What is Neurodiversity?
Why use the term neurodivergent to describe people?
The Benefits of Neurodiversity for Children
A core objective of neurodiversity is to de-stigmatize different kinds of brain functionality, offering a framework for celebrating variations in how children think, learn and process information. This positive perspective can benefit children in school.
By encouraging kids to identify their brain functionalities as differences to be celebrated, rather than disabilities to be feared, it empowers them to self-advocate within the classroom. By giving children a positive way to think about their own neurodivergence, the neurodiversity movement encourages them to speak up about accommodations they may need in the classroom.
Neurodiversity also helps children cultivate self-esteem, viewing their differences not as impediments but simply as expressions of their uniqueness. As these attitudes are cultivated in children, they become better prepared to handle their neurodivergence in college, in the workplace and throughout their adult lives.
Teaching Strategies for Neurodiversity
Equitable use: This concept calls for teachers to provide different ways for students to demonstrate knowledge. For example, if all tests are essays, that favors students who are naturally gifted in writing.
Flexible use: A related concept is flexible use, which usually means providing students with different options as to how they are academically assessed.
Simple and intuitive expectations: Another critical aspect of universal design is ensuring that all students are clearly informed about the teacher’s expectations, and about what is required for success in the class. A clear grading rubric can help.
Perceptible information: It is important for teachers to understand that different students process information differently. Teaching methods should accommodate a range of learning styles. For example, notes may be given both audibly and in writing.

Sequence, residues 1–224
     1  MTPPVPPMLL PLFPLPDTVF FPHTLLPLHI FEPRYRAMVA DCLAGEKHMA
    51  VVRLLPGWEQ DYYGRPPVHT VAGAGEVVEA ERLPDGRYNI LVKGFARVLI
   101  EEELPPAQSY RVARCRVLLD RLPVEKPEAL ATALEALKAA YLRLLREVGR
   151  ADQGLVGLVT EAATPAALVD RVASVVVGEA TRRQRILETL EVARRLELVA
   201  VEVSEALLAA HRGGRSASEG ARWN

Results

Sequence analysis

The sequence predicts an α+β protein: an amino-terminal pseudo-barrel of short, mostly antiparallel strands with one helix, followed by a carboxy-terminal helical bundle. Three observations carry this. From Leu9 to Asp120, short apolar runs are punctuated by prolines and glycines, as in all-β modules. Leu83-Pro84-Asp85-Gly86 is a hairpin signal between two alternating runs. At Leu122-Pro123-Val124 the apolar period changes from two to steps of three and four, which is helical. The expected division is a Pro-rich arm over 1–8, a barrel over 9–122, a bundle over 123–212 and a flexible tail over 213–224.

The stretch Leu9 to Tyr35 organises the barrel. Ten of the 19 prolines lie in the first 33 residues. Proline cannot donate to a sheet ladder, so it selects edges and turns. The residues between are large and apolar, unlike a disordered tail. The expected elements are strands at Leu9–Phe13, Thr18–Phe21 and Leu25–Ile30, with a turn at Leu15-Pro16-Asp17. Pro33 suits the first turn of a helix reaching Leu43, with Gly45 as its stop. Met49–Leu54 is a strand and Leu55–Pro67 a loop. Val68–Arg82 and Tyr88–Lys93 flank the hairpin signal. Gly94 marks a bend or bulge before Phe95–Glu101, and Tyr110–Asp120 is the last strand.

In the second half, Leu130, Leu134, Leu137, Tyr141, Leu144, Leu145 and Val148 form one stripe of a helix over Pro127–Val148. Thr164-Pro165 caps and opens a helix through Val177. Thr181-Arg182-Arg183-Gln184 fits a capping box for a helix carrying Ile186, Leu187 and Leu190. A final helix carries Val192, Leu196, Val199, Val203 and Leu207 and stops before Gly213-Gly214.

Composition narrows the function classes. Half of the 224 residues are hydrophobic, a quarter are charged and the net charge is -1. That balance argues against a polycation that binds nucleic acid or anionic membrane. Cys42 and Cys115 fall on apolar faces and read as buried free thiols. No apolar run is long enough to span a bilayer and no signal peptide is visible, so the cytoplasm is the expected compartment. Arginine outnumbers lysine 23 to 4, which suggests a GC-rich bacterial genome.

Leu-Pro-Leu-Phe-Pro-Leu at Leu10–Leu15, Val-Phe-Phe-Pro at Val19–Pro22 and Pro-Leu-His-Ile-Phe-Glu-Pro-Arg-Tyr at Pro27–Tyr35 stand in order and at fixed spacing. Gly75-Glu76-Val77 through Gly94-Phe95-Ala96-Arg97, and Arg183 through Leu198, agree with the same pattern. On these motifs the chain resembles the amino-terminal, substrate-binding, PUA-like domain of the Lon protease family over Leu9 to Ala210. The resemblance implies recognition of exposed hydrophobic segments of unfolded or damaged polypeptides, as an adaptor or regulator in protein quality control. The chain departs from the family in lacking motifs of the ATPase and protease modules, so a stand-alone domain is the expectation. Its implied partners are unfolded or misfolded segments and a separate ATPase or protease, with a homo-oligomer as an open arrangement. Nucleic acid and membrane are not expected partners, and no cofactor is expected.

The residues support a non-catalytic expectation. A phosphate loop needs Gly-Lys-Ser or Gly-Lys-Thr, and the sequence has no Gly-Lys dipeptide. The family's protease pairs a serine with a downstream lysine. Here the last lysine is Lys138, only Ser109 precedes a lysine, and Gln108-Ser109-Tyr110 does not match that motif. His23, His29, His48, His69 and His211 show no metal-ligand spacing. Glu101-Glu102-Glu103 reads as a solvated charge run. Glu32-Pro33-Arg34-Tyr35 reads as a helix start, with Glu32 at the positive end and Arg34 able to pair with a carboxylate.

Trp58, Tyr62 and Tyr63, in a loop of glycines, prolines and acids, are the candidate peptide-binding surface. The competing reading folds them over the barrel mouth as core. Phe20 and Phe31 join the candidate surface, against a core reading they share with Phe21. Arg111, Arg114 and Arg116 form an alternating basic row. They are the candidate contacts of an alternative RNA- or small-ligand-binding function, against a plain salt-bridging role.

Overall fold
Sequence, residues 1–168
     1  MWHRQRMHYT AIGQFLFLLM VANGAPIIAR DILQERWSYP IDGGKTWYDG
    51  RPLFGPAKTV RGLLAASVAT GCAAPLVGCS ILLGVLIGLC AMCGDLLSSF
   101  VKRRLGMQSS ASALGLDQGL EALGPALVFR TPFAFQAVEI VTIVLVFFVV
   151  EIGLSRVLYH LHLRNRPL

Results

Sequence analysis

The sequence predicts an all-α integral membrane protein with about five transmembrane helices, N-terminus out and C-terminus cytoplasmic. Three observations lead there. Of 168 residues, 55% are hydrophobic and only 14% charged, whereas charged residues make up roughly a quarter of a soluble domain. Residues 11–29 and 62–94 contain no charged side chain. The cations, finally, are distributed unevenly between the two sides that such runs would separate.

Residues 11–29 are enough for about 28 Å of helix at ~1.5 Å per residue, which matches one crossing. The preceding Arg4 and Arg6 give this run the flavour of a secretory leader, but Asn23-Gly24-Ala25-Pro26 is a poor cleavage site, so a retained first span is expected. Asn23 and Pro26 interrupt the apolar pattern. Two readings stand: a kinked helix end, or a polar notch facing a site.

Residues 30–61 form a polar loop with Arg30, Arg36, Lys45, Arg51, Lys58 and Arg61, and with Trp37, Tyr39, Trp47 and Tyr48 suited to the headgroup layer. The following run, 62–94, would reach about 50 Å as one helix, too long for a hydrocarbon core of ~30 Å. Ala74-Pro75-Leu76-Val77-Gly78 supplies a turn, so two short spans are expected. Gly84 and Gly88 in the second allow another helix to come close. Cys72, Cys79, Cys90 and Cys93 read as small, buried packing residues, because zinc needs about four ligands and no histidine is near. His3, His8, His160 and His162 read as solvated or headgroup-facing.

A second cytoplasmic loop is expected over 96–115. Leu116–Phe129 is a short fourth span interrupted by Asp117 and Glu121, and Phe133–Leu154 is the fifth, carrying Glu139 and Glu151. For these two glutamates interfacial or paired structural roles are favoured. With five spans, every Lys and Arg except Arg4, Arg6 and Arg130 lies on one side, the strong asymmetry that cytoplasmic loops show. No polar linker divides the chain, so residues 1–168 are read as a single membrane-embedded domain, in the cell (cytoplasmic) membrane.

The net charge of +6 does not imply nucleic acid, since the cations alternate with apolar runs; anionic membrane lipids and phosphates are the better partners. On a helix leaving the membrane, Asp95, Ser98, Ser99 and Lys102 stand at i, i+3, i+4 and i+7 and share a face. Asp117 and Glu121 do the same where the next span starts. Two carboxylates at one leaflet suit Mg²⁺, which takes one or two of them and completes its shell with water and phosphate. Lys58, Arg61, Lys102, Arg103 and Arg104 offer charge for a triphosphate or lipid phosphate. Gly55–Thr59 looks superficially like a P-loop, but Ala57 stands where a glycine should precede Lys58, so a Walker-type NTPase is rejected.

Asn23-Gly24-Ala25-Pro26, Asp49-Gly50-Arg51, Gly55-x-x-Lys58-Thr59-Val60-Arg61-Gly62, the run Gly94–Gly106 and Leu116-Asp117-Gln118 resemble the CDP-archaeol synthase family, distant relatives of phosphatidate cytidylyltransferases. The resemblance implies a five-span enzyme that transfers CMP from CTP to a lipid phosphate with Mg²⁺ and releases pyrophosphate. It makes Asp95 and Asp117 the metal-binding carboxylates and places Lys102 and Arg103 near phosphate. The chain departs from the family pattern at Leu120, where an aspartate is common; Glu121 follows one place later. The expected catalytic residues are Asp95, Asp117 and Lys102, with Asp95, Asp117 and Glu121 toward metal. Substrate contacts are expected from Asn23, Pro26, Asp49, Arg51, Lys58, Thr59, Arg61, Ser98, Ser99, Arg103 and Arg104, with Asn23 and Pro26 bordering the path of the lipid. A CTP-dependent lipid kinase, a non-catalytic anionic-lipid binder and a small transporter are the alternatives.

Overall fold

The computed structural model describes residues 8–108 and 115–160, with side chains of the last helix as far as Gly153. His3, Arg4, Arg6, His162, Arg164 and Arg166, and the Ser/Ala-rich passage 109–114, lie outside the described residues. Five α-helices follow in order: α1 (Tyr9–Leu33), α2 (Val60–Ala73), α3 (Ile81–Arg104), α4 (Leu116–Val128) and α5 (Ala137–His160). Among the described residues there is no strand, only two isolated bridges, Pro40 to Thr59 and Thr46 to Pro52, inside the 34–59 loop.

Low physical effort: Another core aspect of universal design is dividing class time between different activities, such as lectures and group discussions. This lets students move around the classroom and ensure maximum focus on each topic.
Counseling Strategies for Neurodiversity
Strategies for Counselors
Counselors can prepare students to improve their lives as neurodivergent people, as opposed to looking for a cure or a solution. This can inspire resilience and adaptability.
Counselors can show students how to discuss their own learning needs candidly and without feeling any shame or stigma, which empowers them in self-advocacy.
In affirming neurodivergent identity, counselors can also connect students with organizations, advocacy groups or support services that might provide more specialized help.
Counselors can show students how to think about their health and well-being on a holistic level, instructing on how to care for themselves in terms of sleep, nutrition, physical activity and more.
Counselors can also provide information and guidance for neurodiverse students who are interested in applying for college.
What Should Parents Know About Raising Neurodivergent Kids?
Because neurodivergence is a broad term that refers to a huge range of symptoms, behaviors, strengths, and challenges, there is not one simple set of tips for raising a neurodivergent child. However, there are some general guidelines for parents with neurodivergent children.
Adjust Your Expectations
Ask the Community
If your child is able to communicate their preferences, listen to them. For outside support, seek out your child’s neurodivergent community.
Early Diagnosis and Intervention
Understanding how your child’s brain works, their communication style, and their support needs are important in ensuring that they have the best quality of life possible.
If your child’s neurodivergence causes developmental delays or disabilities, identifying this at a young age can allow your child to participate in Birth to Three programs, speech therapy, occupational therapy, and other services that can help them develop communication and functional skills that can allow them to be more independent later in life.